Residential Real Estate Investments – To live, to love, to fix, to flip, to hold


Residential Real Estate by definition is real estate where people live.  An investment in residential real estate can take many forms from single family homes, townhouses, and condominiums.  Before we start with what a residential real estate investment is, let’s talk about what a residential real estate investment is not.

What a Residential Real Estate Investment is Not…

The thing that new real estate investors and sometimes even seasoned real estate investors must know is that a piece of residential real estate where you and your family live is not an investment.  It is an asset on your balance sheet.  It can appreciate, but waiting for property appreciation does not make your primary residence an investment.  Residential housing that you live in is an operating cost.  You have to be able to service the mortgage, real estate taxes, home owner association bills, utilities, and any and all repairs and maintenance.  As such, residential housing that you live in in actually an operating expense rather than a property that generates a return.  The only real counter to this argument is if you are renting out rooms in your primary residence, which could offset a number of the property expenses.  Barring that example, an investment should generate income or it should be able to generate income in a short amount of time.  Housing that you and your family live in rarely fits that description.

Fix-and Flip – A “Tweener” Residential Real Estate Investment

We all know the stories of successful fix-and-flip investors.  They are not sasquatches…they exist.  I’ve personally known many such investors.  Candidly, I have never successfully pulled off this strategy.  I have bought a few properties with the intent to do a quick fix-and-flip.  However, circumstances changed after I purchased the property and completed the renovations.  In every instance, I calculated that my overall return on investment (ROI) and internal rate of return (IRR) would be better by holding for cash flow for a number of years and then selling for a larger profit.  The operative word in my analysis is cash flow.  In my residential real estate investments, I knew that I could make a return from cash flow while holding.  And I knew that my purchase price plus renovations also left me with upside potential on my equity invested, which provided me with two exit strategies.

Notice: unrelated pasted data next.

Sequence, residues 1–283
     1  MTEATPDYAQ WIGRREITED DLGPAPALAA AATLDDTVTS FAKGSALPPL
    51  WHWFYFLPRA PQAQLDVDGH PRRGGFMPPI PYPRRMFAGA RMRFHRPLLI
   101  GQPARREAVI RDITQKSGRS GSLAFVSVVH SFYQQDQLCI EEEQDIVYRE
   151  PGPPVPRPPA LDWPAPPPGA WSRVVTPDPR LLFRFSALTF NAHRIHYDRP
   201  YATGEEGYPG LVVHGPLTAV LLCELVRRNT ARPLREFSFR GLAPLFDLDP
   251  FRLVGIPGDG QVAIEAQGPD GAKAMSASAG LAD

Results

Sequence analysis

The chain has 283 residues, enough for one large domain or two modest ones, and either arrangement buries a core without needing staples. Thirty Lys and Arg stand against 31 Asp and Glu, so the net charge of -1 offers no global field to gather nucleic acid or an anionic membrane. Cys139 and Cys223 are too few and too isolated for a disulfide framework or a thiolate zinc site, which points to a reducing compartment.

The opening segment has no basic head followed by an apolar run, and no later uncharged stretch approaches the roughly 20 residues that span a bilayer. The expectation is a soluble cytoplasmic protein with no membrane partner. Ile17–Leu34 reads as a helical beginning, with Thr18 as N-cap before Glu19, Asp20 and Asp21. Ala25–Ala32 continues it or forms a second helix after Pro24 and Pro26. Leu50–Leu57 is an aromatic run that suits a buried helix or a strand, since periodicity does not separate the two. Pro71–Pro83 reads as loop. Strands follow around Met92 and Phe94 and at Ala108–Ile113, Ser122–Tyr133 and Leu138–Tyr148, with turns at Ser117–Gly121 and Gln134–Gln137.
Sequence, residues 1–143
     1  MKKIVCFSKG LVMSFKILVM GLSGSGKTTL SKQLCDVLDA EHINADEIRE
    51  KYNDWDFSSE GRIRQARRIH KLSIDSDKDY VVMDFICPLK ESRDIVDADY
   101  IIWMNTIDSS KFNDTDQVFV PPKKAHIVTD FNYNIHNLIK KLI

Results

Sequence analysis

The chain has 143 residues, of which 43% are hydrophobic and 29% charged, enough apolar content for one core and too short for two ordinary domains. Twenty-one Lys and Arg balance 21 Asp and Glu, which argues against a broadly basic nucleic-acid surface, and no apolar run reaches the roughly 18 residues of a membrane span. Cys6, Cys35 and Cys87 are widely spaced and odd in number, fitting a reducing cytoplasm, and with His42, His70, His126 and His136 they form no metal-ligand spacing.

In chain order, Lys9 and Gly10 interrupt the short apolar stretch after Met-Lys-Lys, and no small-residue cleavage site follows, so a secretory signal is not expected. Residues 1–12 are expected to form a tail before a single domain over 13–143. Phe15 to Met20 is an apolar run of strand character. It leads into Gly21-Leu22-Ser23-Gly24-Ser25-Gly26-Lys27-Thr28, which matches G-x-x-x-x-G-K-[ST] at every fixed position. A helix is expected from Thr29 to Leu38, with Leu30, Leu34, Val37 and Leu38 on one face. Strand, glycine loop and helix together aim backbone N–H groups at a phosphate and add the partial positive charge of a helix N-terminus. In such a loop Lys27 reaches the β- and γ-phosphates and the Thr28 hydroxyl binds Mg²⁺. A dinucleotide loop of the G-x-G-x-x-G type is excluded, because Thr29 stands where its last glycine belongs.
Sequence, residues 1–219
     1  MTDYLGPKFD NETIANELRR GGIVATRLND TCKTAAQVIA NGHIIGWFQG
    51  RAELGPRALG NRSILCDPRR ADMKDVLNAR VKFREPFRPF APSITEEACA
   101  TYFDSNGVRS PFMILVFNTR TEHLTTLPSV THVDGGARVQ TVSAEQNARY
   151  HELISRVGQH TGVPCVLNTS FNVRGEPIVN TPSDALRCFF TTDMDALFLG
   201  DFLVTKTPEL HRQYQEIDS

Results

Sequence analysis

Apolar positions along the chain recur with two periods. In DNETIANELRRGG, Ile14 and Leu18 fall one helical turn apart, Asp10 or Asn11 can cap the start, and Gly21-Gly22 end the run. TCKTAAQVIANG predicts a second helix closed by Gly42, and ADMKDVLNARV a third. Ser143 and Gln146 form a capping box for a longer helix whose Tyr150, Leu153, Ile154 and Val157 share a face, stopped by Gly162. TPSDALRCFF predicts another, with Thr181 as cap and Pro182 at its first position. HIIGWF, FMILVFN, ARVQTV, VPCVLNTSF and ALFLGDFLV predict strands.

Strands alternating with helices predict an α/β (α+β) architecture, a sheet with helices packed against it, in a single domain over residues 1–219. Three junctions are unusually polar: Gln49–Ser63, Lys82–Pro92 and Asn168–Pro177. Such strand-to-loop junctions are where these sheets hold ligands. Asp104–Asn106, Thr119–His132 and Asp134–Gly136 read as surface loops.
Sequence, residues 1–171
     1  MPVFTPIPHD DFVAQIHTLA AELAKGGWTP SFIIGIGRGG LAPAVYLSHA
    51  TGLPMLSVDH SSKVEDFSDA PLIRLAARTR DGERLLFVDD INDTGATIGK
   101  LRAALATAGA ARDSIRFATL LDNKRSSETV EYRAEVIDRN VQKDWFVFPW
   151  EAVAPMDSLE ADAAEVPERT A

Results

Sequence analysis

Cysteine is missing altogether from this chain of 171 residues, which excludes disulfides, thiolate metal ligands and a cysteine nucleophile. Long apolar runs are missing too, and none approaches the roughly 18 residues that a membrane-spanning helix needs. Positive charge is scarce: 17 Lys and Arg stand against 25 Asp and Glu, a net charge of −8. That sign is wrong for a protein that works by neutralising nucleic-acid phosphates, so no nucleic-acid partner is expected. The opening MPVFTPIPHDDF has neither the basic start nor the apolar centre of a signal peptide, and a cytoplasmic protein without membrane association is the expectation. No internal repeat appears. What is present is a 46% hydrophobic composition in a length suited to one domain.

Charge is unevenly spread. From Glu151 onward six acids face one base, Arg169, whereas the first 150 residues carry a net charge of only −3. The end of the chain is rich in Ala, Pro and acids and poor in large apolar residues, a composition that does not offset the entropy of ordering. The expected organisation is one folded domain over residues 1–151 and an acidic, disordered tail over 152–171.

My problem with many fix-and-flip strategies is that they are solely based on market demand.  The strategy requires that buyer demand remain strong and that prices continue to rise.  The model can work for a long-time, but when markets go flat or decline somewhat, there is a risk that the flipper loses significant amounts of money.

To illustrate the point, I will provide two side-by-side comparisons:

For Rent Model                                                                                 For Sale Model

Price $150,000 Price $150,000
Renovations $25,000 Renovations $25,000
Total Cost $175,000 Total Cost $175,000
Rent $1,200 per month Sales Price $225,000
Expenses $400 per month Sales Costs (6%) $13,500
NOI ($1,200×12 – $400×12) $9,600 Proft (Sales Price – Sales Cost – Total Cost) $36,500
Annual Cash-on-Cash (NOI / Total Cost) 5.49% Return on Investment (ROI) (Profit / Total Cost) 20.85%

This is not an actual example, but I have looked at a number of deals that look similar to this.  This example assumes that no leverage is used.  Getting leverage with a reasonable interest rate could easily enhance the returns achieved from both cash-on-cash and return on invest standpoints, but it would also reduce the total cash returns to the investor.  My return requirements are higher than what is provided in the For Rent Model, but it is right on the margin where I may consider the deal if I see other opportunities to enhance cash flow.  My business has never been the fix-and-flip model although I know many flippers who would do the for sale model because if they could complete the acquisition, renovations, and sale within 3 months, they could theoretically redeploy their capital 4 times in one year, which in theory would enable them to yield 83.43% (20.85% x 4 quarters) on their money if they could replicate the same results.  It would take the same investor who invested for cash flow 15.2 years (83.43%/5.49%) to obtain the same return if they were to buy, renovate, and hold.  Granted, they could still have appreciation over that time, but it becomes clear why many flippers keep flipping.  The two big issue with flipping in my opinion are (1) you have to assume that the market continues increasing while continuing to find good deals and (2) the market flippers are selling to are emotional buyers.  The reason for that is that most buyers will be individuals and families looking to buy a house to live in for themselves.  The fix-and-flip model requires strong underlying fundamentals (employment growth, job growth, low crime, good population growth, good schools, etc.) and a pool of willing and able buyers.